Improving clinical documentation: introduction of electronic health records in paediatrics
Medical records are crucial facet of a patient's journey. These provide the clinician with a permanent record of the patient's illness and ongoing medical care, thus enabling informed clinical decisions. In many hospitals, patient medical records are written on paper. However, written notes are liable to misinterpretation due to illegibility and misplacement. This can affect the patient's medical care and has medico-legal implications. Electronic patient records (EPR) have been gradually introduced to replace patient's paper notes with the aim of providing a more reliable record-keeping system. It is perceived that EPR improve the quality and efficiency of patient care. The paediatric department at Queen's Hospital Burton uses a mix of paper notes and computerised medical records. Clinicians primarily use paper notes for admission clerking, ward rounds, ward reviews and outpatient clinic consultations. Laboratory tests, imaging results and prescription requests are executed via the EPR system. Documentation by nurses is also carried out electronically. We aimed to improve and standardise clinical documentation of paediatric admissions and ward round notes by developing electronic proforma for initial paediatric clerking, ward rounds and patient reviews. This quality improvement project improved clinical documentation on the paediatric wards and enhanced patient record-keeping, boosted clinical information-sharing and streamlined patient journey. It fulfilled various generic multidisciplinary record keeping audit tool standards endorsed by the Royal College of Physicians by 100%. We undertook a staff survey to investigate the opinion before and after implementing the electronic health record. Doctors, nurses and healthcare support workers overwhelmingly supported the quality, usefulness, completeness of specified fields and practicality of the electronic records.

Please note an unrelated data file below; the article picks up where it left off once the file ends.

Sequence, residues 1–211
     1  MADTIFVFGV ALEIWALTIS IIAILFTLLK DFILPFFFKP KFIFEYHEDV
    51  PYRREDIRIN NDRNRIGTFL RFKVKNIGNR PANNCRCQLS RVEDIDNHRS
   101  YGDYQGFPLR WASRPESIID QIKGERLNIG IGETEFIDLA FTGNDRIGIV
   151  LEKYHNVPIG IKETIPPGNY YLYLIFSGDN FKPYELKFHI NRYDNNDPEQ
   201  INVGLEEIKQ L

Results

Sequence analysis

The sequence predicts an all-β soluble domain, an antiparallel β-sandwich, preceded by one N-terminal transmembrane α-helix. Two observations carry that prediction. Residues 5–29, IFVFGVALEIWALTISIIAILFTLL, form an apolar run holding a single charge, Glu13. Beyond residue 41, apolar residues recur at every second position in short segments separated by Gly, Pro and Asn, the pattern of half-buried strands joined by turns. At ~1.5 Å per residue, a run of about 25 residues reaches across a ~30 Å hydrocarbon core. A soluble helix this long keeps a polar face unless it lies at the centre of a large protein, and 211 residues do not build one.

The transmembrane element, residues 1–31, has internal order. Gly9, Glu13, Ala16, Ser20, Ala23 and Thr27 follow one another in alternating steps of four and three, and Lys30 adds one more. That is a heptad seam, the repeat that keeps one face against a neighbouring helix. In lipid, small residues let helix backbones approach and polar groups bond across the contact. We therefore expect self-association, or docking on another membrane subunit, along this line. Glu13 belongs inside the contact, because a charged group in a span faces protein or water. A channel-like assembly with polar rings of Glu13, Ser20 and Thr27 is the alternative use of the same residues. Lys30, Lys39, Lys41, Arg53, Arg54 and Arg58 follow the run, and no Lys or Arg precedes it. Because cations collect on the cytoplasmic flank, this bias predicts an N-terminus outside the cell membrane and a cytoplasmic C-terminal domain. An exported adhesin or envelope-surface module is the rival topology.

- Paediatrics